The PFD party's over, let's move on
I recently spoke at legislative hearing about budget cuts, and closed with a somewhat tongue-in-cheek offer for them to take back my permanent fund, but stop with cutting essential infrastructure and programs we need. I knew the budget hearing wasn't necessarily the right setting, but I meant it. Alaskans are not entitled to that dividend; we are just used to it.
Klawock, Yakutat fall in opening C Bracket rounds
Opening day of C Bracket games at 56th Gold Medal basketball tournament saw both teams that made it to last year's title game fall -- and one of those teams will be knocked out the tournament tonight.
Alaska dominates in Arctic Winter Games
Dylan Ashe of Juneau tied for the goal-scoring lead in the juvenile male division as he and Jamaal Bailey of Douglas helped Team Alaska claim the gold ulu in indoor soccer during the Arctic Winter Games, which took place last week in Nuuk, Greenland, and in Iqaluit, Nunavut, Canada (on Baffin Island).
Klawock-Prince of Wales smothers Angoon Kwaan
Three-time defending Gold Medal champion Klawock-Prince of Wales came out strong, defeating Angoon Kwaan, 92-40, Monday in the first day of the women's bracket action at the Juneau-Douglas High School gym.
Sports In Juneau
Information on upcoming sports and outdoors events in Juneau.
Sports in Juneau
Information on upcoming sports and outdoors events in Juneau.
Thibodeau leads local skiers in Buckwheat
Under partly sunny skies and on the deep snow of White Pass, nearly 200 cross-country skiers and snowshoers of all ages completed the 16th annual Buckwheat Ski Classic on Saturday just north of Skagway.
Haines Merchants open defense of B Bracket title
It took a brief while to shake the rust off, but the Haines Merchants were able to successfully open the defense of their B Bracket title in Sunday's opening day of the 56th Annual Gold Medal Basketball Tournament at Juneau-Douglas High School.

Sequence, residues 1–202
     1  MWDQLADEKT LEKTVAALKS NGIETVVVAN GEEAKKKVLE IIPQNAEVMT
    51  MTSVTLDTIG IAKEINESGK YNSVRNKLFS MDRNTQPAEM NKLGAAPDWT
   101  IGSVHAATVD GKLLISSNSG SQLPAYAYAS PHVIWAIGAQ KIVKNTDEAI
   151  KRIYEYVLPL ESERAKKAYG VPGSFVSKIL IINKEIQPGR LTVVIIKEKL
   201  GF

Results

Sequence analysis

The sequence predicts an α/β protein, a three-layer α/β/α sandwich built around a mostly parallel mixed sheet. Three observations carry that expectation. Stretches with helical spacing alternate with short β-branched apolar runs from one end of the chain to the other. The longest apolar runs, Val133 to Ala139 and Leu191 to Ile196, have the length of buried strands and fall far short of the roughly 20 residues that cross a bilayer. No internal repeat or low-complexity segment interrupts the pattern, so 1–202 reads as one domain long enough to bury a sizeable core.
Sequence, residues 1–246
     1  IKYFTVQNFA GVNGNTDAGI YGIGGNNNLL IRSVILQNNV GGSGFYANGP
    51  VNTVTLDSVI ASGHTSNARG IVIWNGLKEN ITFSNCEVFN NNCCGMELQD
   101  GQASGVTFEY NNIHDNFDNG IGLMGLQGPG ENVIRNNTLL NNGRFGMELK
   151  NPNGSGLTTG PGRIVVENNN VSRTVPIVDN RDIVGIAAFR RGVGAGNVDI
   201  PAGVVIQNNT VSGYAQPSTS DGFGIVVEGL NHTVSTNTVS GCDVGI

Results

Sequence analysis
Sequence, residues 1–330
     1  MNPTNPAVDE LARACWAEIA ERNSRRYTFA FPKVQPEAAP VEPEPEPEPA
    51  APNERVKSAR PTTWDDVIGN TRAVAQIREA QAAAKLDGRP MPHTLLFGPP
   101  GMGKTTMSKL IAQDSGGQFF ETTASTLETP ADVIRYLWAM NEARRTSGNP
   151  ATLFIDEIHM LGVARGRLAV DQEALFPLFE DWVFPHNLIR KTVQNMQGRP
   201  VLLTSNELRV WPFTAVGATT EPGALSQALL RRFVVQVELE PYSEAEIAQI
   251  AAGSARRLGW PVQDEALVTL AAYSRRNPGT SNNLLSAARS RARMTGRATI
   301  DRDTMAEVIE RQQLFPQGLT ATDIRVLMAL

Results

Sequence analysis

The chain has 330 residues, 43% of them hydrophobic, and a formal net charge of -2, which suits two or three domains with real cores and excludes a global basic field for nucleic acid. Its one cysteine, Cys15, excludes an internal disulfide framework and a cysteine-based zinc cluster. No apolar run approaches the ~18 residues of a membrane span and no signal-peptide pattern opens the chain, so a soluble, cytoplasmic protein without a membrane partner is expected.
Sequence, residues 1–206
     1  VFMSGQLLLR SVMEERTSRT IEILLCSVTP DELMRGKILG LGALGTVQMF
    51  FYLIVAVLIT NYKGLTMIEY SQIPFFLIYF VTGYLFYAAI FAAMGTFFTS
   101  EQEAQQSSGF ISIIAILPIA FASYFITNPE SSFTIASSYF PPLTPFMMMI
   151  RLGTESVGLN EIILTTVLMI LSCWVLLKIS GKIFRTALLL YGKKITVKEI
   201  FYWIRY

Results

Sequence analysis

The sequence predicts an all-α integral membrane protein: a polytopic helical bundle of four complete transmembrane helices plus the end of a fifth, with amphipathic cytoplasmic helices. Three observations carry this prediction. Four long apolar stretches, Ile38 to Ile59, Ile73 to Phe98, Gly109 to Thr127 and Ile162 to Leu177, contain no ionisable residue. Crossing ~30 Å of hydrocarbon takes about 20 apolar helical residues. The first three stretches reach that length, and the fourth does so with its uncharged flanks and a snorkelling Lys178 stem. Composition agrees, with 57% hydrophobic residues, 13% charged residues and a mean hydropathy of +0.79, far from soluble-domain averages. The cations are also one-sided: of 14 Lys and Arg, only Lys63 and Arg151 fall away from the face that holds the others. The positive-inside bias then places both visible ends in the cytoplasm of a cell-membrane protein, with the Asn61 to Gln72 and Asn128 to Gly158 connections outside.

Youngsters make Gold Medal debut
It took 55 years before the middle schools were awarded a bracket in the Gold Medal Tournament. Juneau HoopTime coach Edd Webb hopes the new division will get more than one year to prove itself.
Gold Medal Boxscores
Monday's winners and losers.
Huna, Haines reach semifinal
When Huna ANB plays Kake Tlingit Heat in the B Bracket of the Gold Medal Basketball Tournament, the fans usually get their money's worth.
Old Totems lean on Yakutat
After the Klawock Old Totems' win against Yakutat ANB on Monday night, one would wonder if the Old Totems have Yakutat's number.
Photo: Catch of the day
A winter king salmon rests on the scale as Homer Chamber of Commerce officials record its weight during the King Salmon Tournament on Saturday in Homer.
Photo: Hare scare
Frightened by the Easter Bunny, Hunter Blair, 2, of Kodiak reaches out for his mother, Joyce,who stands on the sidelines during a portrait session Saturday in Kodiak
State bill penalizes draft dodgers
Rep. Lisa Murkowski wants to provide young men with a potent reminder to register for the draft when they turn 18. She's sponsored a bill to take away their permanent fund dividend if they don't.
Senate cool to most revenue bills
A 3 percent state sales tax passed by the House Finance Committee on Monday does not have support within the Republican majority in the Senate, Senate leaders said this morning. Nor does a bill to tap permanent fund earnings for $300 million in the next fiscal year, said Senate President Rick Halford of Chugiak and Finance Co-Chairman Dave Donley of Anchorage.